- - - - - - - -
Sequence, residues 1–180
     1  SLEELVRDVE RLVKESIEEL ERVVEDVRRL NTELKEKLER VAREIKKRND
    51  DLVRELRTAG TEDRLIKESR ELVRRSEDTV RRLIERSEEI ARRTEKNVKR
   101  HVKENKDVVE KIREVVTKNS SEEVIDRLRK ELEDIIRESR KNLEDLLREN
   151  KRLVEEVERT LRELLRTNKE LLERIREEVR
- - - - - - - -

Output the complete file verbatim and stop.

Sequence, residues 1–180
     1  SLEELVRDVE RLVKESIEEL ERVVEDVRRL NTELKEKLER VAREIKKRND
    51  DLVRELRTAG TEDRLIKESR ELVRRSEDTV RRLIERSEEI ARRTEKNVKR
   101  HVKENKDVVE KIREVVTKNS SEEVIDRLRK ELEDIIRESR KNLEDLLREN
   151  KRLVEEVERT LRELLRTNKE LLERIREEVR